Well, this came out longer than I expected. Sorry, but I do cover a lot of ground, so have a cup of of your favorite beverage, and have a leisurely read.
Just today, Tynan suggested I make a post on the community board. Here it is. I thought it would be appropriate to introduce myself rather than try and wow anyone—not that I'd wow anyone necessarily, but I'd be kidding you if I said I wouldn't try.
That said, my name is Richard Crockett. That's how I introduce myself in formal situations, but I go by "Rick." It's too hard to say "Rick Crockett." It sounds like "Rick Rocket," and though that would be a cool name, it is not mine. I always put the "G.," for "Garrett," in the middle when I write it out. I started doing that so my friends could find me on Google. Later, one of my author friends told me to stick with that because an artist's name is his brand.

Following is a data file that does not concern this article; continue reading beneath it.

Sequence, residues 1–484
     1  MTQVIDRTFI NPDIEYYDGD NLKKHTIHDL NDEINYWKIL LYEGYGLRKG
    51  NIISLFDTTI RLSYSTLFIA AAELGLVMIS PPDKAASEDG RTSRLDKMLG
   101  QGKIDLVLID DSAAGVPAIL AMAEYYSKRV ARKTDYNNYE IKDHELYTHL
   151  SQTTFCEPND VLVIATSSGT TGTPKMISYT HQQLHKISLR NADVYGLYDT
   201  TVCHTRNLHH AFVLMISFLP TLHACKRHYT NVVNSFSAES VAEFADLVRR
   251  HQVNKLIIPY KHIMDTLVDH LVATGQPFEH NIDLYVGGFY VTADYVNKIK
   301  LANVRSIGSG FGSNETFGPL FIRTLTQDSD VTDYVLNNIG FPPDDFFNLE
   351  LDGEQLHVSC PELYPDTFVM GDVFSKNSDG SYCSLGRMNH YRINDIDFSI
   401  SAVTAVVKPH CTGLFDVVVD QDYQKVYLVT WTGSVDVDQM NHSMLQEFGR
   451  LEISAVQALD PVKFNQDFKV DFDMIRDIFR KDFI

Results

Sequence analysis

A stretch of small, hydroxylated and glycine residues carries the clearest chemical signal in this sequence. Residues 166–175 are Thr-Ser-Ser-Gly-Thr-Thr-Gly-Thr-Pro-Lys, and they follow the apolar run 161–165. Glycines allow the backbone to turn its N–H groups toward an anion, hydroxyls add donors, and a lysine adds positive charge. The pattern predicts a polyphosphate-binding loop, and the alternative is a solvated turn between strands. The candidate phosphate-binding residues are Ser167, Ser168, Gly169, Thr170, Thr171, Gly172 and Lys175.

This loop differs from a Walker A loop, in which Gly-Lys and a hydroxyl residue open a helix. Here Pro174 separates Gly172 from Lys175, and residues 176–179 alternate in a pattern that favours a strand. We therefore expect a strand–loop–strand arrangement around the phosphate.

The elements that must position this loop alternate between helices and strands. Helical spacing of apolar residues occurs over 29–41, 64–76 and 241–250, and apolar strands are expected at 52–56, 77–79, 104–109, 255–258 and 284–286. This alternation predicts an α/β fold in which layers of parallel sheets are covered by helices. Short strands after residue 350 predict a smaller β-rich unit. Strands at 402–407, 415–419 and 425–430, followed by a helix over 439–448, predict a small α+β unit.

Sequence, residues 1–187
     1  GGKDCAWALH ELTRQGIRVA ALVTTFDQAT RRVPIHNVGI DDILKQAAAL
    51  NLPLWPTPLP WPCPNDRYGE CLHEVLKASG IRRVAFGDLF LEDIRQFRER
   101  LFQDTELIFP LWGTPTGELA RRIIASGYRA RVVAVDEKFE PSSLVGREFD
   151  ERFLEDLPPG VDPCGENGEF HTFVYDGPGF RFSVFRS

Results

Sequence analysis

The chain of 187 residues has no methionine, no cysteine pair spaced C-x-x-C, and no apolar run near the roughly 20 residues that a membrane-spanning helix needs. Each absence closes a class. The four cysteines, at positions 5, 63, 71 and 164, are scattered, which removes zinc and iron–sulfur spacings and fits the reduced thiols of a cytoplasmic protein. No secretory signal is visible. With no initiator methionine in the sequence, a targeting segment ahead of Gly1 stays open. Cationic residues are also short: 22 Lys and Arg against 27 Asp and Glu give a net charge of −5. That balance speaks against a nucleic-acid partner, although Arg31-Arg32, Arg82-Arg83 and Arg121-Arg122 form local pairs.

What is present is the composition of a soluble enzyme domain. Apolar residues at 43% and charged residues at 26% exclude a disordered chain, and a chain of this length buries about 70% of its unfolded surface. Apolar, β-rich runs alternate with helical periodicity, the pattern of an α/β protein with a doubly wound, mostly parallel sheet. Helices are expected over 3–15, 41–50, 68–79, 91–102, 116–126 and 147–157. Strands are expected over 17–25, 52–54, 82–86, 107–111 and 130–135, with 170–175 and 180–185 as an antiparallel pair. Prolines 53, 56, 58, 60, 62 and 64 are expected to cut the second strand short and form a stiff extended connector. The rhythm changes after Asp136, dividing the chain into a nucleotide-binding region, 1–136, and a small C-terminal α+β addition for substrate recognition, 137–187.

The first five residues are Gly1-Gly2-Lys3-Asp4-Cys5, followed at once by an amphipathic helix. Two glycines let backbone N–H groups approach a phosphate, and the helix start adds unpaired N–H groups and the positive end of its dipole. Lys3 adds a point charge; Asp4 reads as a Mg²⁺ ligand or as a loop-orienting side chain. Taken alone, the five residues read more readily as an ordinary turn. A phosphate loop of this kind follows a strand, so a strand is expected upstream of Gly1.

In my little bio, it says, "Professional woodcarver, amateur writer, eternal student." That's true enough. I make a living carving wood—not much of one, but a living. I could do better, but I have so many activities that my time gets spread thin. My favorite girl says I should not say "amateur writer" because that implies you are not serious or not really competent. I pointed out to her that it is only when you say amateur alone that it is derogatory, but when you use it to modify another word, like "athlete," it just means that you don't get paid. In no way does it mean that you are lousy at something, and reasonably educated people understand that. I write a lot. It so happens that I wrote a Roman period historical novel over the summer. It was a continuation of a an earlier project that I could not complete because I did not know enough history and enough Latin and Greek to read original sources. I actually am a college student too. I returned to school because I wanted to rewrite my first draft with higher skill and understanding. I have heard of people who could teach themselves Latin and Greek on their own. I'm not one of them. And the books that I thought were good history books turned out to be hardly better than children's introductions to the subject. This I discovered when I got into graduate school where I study history at Fresno State in California. I got my BA in classical literature and language last year. No brag. In my final year, the bar was so high I could barely pull "C"s. But I did learn how to read primary sources in the original languages—just not fast enough to score well on tests.